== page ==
• The history of ankylosing spondylitis (AS) dates back to the discovery of 5000-year-old skeletons with characteristic spinal changes.
• Numerous cases of AS have featured in medical literature since the 16th century.
• The disease was further defined by correlating pathological and clinical features, and the development of clinical radiology.
• Subsequent epidemiological and familial studies highlighted the association with other conditions as part of the spondyloarthritides. The discovery of HLA-B27 confirmed this association.
• Over the past two decades, genome-wide association studies, and advances in imaging and immunology have yielded dramatic insights into the disease and the development of highly effective therapies.
The earliest evidence of ankylosing spondylitis (AS) may date back to ancient Egypt, where paleopathological analysis of the skeletons of 5000-year-old mummified pharaohs showed spinal osteophyte formation and ‘bamboo spines’ suggestive of the disease. However, this still remains controversial as definitive distinction from diffuse idiopathic skeletal hyperostosis (DISH) is difficult.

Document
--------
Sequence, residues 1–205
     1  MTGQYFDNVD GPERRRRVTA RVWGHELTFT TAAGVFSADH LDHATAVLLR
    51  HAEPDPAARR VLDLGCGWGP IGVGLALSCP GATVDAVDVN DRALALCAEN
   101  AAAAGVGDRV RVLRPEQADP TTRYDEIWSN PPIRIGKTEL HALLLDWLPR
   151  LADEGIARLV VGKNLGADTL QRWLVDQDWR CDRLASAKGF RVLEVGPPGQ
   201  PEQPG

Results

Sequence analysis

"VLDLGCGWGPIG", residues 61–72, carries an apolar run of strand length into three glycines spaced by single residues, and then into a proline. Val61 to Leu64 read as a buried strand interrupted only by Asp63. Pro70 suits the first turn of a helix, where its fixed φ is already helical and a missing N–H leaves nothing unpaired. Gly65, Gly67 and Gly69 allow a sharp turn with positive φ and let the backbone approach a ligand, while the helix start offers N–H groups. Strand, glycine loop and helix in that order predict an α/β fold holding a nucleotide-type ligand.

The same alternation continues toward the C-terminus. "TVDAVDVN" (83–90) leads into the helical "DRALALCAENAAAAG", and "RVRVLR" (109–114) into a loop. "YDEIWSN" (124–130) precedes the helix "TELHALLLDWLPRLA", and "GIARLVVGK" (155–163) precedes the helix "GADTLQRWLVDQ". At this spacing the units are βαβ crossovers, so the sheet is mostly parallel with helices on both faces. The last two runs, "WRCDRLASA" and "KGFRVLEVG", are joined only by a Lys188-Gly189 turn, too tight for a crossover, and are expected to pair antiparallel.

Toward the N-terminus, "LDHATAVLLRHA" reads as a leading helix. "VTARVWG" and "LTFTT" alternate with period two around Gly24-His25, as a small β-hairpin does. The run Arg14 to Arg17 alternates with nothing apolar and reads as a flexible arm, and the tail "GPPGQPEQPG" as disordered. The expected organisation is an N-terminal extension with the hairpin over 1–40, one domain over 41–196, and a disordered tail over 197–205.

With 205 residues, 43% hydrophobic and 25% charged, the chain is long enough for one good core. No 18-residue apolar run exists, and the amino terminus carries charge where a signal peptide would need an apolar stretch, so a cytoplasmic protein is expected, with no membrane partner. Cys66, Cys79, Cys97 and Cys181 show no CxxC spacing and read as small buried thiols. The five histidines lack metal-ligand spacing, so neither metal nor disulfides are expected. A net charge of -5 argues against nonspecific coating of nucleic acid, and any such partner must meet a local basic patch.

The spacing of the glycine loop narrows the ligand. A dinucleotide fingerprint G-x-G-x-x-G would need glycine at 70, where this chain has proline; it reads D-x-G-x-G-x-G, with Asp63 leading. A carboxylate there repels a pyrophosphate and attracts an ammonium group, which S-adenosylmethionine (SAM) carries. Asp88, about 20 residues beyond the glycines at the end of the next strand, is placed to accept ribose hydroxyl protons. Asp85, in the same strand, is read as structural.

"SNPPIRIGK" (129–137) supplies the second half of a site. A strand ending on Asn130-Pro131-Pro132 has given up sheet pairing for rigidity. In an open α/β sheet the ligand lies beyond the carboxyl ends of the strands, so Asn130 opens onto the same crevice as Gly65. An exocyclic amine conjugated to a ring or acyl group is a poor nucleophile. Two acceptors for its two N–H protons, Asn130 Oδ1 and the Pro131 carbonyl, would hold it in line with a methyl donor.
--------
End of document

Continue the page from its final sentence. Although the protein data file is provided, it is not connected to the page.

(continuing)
The first published cases in medical literature were in 1559 when Realdo Colombo, an assistant to Andreas Vesalius at the University of Padua, described two skeletons with spinal disease suggestive of AS. In his excellent review, Bywaters called this the ‘fossil stage’ in the development of the history of AS (Bywaters, 1979). Several other pathological descriptions of medieval skeletons described changes typical of AS, but, the first definite description of AS is attributed to Bernard Connor (1666–1695), an Irish physician studying at the University of Rheims. While demonstrating anatomy, he noted a male skeleton in which complete bone fusion had occurred from the lower ribcage and thoracic spine to the sacrum. In his thesis (1691), he postulated the man probably had difficulty breathing due to fused rib joints, and trouble turning and bending due to the spinal fusion. In the mid-1800s, several clinical cases were described in Europe for the first time, with clinical and post-mortem pathology correlation suggesting links between the spinal and extra-spinal manifestations (including iritis) in the patients.